(lame nerd shit, continue scrolling)
Did some debugging on the VOD backup script I mentioned a few threads ago and, sure enough, a faulty assumption was the culprit.
By looking at a corrupted file, I found the following two discontinuities:
As you can see, there's two sections where 15 segments get repeated. Checking the logs, I see that I was served a series of six playlists ending in the following segments:
>1170, 1155, 1185, 1200, 1185, 1215
This lines up perfectly with the discontinuity I found.
I mentioned last time that I used the header to check whether I should download the playlist, and if there were "no new segments" added, I would do nothing. However, this assumed a monotonically increasing segment count from the server, since after performing the check it always saved the new segment count as the count to compare against for the next loop without checking whether it was actually larger. The result above shows this was a flawed assumption. Thus, this occurred:
>Get playlist 1 (download new segments through 1170, set count to 1171)
>Get playlist 2 (don't download any segments, set count to 1156)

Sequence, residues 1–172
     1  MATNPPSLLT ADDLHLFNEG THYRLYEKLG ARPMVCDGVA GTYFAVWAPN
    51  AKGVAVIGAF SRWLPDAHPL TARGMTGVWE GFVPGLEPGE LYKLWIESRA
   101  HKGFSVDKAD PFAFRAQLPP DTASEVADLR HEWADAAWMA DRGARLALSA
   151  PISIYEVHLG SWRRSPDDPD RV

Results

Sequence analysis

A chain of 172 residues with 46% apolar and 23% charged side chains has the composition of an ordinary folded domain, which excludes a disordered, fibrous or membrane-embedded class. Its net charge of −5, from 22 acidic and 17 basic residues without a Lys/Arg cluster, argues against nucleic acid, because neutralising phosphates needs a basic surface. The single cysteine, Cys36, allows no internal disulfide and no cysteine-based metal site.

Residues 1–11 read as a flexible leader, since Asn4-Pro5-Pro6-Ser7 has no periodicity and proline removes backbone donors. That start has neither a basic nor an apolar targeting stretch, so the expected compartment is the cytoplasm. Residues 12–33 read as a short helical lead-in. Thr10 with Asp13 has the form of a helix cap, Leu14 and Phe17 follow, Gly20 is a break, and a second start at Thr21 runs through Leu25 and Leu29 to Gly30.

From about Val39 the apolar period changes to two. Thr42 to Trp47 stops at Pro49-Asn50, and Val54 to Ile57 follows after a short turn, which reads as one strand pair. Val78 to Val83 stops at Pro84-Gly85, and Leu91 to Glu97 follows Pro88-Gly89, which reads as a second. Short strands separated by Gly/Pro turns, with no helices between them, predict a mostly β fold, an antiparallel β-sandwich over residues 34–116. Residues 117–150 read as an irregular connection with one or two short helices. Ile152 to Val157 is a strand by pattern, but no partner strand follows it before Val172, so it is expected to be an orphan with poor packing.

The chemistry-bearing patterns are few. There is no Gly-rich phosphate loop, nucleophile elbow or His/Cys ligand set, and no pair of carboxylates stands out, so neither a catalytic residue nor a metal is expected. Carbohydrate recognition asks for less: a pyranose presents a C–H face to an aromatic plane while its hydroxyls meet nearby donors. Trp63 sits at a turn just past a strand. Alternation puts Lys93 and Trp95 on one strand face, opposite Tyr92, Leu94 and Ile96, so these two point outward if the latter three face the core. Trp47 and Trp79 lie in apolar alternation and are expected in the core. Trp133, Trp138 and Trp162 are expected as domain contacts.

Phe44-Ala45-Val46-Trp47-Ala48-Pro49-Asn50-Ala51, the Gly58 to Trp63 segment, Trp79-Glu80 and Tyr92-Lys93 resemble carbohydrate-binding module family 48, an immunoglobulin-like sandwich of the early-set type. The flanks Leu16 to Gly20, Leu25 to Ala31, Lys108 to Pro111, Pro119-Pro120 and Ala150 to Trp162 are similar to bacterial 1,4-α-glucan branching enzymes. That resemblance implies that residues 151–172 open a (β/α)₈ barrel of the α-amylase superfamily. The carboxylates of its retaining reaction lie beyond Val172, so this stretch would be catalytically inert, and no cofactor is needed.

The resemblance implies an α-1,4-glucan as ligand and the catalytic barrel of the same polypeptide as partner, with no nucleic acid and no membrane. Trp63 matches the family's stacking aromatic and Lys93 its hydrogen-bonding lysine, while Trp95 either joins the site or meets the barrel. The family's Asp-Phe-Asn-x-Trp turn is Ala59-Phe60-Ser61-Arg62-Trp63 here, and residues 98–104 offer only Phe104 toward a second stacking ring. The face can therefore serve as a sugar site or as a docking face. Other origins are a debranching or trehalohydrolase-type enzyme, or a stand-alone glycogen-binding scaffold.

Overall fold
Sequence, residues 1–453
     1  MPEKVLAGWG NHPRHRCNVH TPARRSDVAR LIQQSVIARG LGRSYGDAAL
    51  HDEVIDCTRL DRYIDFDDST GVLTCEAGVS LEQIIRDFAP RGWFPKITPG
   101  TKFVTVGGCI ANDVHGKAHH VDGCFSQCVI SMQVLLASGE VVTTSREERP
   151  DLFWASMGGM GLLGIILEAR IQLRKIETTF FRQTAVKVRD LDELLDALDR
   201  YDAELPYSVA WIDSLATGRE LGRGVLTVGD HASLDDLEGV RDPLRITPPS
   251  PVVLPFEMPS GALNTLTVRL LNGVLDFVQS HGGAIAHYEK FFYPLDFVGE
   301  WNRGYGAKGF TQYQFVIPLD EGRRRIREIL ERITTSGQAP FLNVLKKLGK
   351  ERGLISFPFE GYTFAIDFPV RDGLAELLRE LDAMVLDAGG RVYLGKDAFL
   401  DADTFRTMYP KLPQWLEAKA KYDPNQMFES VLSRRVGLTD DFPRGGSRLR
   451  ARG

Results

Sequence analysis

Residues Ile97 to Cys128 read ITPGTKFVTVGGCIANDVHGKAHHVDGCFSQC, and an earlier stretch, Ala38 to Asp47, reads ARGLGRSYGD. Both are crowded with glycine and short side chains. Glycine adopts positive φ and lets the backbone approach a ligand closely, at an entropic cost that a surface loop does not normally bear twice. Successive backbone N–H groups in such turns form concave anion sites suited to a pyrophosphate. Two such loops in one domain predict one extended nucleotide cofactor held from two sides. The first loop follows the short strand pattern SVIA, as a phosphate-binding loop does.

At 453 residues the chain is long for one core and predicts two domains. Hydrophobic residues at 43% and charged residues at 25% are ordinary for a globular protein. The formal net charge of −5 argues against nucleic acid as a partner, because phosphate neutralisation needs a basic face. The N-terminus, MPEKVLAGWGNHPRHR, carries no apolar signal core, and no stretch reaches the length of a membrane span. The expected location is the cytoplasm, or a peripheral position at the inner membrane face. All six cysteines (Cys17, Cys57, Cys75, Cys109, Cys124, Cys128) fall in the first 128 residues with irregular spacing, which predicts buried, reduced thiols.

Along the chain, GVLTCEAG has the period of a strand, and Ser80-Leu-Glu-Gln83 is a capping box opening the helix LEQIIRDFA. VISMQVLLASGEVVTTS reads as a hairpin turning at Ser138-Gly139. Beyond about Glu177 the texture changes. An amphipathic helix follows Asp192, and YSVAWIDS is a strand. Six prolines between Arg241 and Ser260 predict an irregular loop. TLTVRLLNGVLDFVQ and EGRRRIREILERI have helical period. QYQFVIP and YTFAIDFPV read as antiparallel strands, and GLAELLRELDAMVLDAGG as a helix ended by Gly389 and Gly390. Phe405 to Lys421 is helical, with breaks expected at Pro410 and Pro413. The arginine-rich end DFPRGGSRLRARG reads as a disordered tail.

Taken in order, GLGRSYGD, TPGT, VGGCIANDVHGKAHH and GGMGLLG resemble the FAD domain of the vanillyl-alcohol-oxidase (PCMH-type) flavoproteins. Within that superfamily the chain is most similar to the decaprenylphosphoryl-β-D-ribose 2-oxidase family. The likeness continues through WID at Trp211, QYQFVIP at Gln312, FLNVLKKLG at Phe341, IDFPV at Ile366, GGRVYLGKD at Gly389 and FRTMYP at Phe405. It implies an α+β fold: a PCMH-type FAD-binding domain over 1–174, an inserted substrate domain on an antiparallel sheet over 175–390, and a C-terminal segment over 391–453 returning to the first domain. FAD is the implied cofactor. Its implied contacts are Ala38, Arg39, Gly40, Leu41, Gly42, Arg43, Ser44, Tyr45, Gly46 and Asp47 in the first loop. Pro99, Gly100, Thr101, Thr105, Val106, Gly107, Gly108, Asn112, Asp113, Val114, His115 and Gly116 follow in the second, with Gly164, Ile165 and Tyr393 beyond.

>Get playlist 3 (re-download segments 1156-1170 + new segments 1171-1185, set count to 1186)
>Get playlist 4 (download new segments 1186-1200, set count to 1201)
>Get playlist 5 (don't download any segments, set count to 1186)
>Get playlist 6 (re-download segments 1186-1200 + new segments 1201-1215, set count to 1215)
This is all fixed by adding a single conditional so that the segment count is only updated when it is actually larger. As for why the server is doing this, I probably should have saved all the header data to see if I could find a pattern, but I'm going to chalk it up to weird caching shit and call it a day.
Definitely a good exercise in debugging and a reminder to carefully consider your assumptions, especially when interfacing with something you don't control.